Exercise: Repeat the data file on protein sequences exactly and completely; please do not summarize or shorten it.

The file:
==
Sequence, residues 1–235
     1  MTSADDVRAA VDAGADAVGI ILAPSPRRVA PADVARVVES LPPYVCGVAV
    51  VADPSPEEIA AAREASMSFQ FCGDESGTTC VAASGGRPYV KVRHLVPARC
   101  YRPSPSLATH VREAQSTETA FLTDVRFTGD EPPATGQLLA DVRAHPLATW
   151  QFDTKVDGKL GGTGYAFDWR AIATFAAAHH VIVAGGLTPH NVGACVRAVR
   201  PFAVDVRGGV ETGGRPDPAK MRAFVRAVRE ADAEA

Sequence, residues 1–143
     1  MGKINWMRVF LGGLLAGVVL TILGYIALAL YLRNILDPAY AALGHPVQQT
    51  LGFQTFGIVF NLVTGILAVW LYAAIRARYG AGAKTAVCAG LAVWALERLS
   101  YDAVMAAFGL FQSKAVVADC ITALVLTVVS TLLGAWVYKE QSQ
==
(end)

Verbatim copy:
Sequence, residues 1–235
     1  MTSADDVRAA VDAGADAVGI ILAPSPRRVA PADVARVVES LPPYVCGVAV
    51  VADPSPEEIA AAREASMSFQ FCGDESGTTC VAASGGRPYV KVRHLVPARC
   101  YRPSPSLATH VREAQSTETA FLTDVRFTGD EPPATGQLLA DVRAHPLATW
   151  QFDTKVDGKL GGTGYAFDWR AIATFAAAHH VIVAGGLTPH NVGACVRAVR
   201  PFAVDVRGGV ETGGRPDPAK MRAFVRAVRE ADAEA

Sequence, residues 1–143
     1  MGKINWMRVF LGGLLAGVVL TILGYIALAL YLRNILDPAY AALGHPVQQT
    51  LGFQTFGIVF NLVTGILAVW LYAAIRARYG AGAKTAVCAG LAVWALERLS
   101  YDAVMAAFGL FQSKAVVADC ITALVLTVVS TLLGAWVYKE QSQ